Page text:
Studies describing communication about emotional distress in home care show that nursing staff in home care can experience communicative challenges, especially when faced with existential issues, fragility and worries from older people during a care situation [10]. Studies also indicate a need for nurses to address topics not just relating to nursing or therapeutic issues [1113]. In an observational study of Swedish home care visits, older people communicated emotional distress to nursing staff in about half of the visits [14]. Older people’s expressions of emotional distress communicated during home care visits have been described as relating to four main categories: a) worries about relationships with others, b) worries about healthcare-related issues, c) worries about aging and bodily impairment and d) life narratives and value issues [11]. These main categories coincide well with the important features of successful aging at home for frail older people as emphasized in another qualitative study: balancing daily rituals with social engagement in the face of loss and change, in order to retain both capacity and quality of life [12]. Moreover, the need for someone to keep an eye on them and having someone to talk to were described as central to older people receiving home care. An analysis of Norwegian home care visits by Hafskjold, Eide, Holmstrom, Sundling, van Dulmen and Eide [11] revealed the complexity of underlying emotions in older people’s expressions of personal worries in communication with nursing assistants. Further, a Dutch observational study exploring communication with older people found that their level of socio-emotional interaction may be higher than previously reported, and that nurses provide more affective communication (support, concern and empathy) in home care compared with nurses in institutional care [13]. However, Caris-Verhallen, Kerkstra, van der Heijden and Bensing [13] concluded that nurses in home care communicate more about nursing and therapeutic topics, and less about topics labelled as “feelings” (understood as equivalent to the term “emotions” used in this study) and lifestyle related.

Supportive communication and comforting strategies

The present study builds on the understanding that sensitivity to patients’ needs is linked to the ability to identify and ease suffering [15]. Responses from nursing staff that allow and explore patient expressions of negative emotions are important in order to build trust in the relationship, show emotional support and discover clinical information relevant to the planning of care [8, 16].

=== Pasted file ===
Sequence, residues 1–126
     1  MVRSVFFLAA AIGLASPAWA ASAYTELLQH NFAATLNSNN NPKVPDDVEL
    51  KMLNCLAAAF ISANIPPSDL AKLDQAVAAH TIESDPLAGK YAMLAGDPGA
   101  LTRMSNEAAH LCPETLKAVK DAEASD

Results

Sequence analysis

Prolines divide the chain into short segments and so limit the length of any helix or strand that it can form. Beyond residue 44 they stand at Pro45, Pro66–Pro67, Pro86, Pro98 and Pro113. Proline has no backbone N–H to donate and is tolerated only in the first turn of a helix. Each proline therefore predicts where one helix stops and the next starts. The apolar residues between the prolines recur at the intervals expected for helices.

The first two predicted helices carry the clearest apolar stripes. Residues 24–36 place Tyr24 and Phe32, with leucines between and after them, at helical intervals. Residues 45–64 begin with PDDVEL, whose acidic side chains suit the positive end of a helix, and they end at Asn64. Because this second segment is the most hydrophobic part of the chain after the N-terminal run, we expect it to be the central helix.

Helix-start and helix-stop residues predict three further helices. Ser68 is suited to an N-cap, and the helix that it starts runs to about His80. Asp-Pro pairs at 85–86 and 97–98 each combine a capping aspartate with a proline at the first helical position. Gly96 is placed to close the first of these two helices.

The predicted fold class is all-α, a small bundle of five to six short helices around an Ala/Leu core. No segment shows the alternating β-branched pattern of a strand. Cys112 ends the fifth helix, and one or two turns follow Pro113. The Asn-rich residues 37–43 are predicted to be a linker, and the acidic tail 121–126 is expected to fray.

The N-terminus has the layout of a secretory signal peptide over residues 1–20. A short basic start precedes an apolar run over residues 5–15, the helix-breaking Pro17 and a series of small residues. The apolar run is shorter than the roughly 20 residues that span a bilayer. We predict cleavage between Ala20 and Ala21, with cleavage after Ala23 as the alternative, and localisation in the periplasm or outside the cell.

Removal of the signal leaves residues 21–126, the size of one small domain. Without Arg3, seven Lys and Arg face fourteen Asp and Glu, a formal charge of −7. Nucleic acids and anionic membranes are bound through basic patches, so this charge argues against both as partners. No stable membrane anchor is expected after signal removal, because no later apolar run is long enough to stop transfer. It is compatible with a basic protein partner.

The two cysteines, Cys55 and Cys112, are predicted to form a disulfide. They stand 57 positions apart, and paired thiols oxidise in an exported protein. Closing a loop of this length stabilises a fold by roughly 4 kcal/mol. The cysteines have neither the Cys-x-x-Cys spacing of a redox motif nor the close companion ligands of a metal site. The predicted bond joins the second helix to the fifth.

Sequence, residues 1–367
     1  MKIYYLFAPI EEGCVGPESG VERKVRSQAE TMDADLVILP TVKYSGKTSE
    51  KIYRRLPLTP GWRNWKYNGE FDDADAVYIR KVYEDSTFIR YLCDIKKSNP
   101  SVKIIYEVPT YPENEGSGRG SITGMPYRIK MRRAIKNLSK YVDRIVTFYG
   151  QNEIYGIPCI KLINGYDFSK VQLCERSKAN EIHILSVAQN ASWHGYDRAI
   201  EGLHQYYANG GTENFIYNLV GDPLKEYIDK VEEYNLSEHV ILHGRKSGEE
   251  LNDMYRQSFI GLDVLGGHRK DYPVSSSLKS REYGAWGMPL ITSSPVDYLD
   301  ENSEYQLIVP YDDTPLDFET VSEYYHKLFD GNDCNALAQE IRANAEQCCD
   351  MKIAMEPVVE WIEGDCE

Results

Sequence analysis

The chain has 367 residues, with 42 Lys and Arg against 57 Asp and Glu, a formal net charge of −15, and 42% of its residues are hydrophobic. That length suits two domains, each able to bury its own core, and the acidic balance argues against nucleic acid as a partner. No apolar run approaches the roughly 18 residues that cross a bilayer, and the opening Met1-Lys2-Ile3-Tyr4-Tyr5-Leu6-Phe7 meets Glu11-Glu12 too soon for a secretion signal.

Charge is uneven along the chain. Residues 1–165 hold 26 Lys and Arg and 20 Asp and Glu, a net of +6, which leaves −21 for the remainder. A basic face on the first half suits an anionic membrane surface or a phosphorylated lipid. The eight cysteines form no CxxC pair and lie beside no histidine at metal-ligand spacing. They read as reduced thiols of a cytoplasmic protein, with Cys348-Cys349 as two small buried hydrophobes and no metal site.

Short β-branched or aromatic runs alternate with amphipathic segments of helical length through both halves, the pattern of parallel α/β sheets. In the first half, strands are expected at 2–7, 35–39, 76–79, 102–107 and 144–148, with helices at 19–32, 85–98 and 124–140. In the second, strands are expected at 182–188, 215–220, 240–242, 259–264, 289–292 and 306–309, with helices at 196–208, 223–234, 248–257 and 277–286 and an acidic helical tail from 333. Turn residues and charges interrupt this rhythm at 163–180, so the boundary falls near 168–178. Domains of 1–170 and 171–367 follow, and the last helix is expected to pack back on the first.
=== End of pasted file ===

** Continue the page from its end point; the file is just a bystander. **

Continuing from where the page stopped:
Morse, Bottorff, Anderson, O’Brien and Solberg [8] present a communication model that emphasizes the actual process of engaging in patients’ experiences in order to provide comforting responses to their suffering or emotional distress. Here, the ability to perceive the other person’s emotions is not primarily a cognitive process, but rather related to being present and attentive towards the other. Through this process, the nurse may experience emotional empathy, described as empathic insight. Empathic insight enables the nurse to respond in a way that is naturally comforting and supportive to the patient.

Burleson [17] emphasizes how comforting strategies should lead the distressed person to feel better in their immediate situation, but also position them to cope better with distressful events in the future. Supportive communication is defined by Burleson and Macgregor [18] as “the verbal and nonverbal behaviour produced with the intention of providing assistance to others perceived as needing that aid” (p. 374). Further, they state that supporting others is a fundamental form of human interaction, often aiming to relieve the other person’s distress. This is transferable to a care context in the sense that the act of caring includes support and comfort, and care outcomes are related to both easing suffering and enabling coping by the patient [8, 19]. Burleson [17] upholds that messages (comforting strategies) that legitimize and acknowledge the other’s emotions and perspective are more person centred and have a more supportive effect on the recipient compared with messages that deny the other’s emotions and perspective (criticizing, challenging or telling them what to feel). This is similar to how person-centred communication is described in literature relevant for nursing and different clinical settings [2022].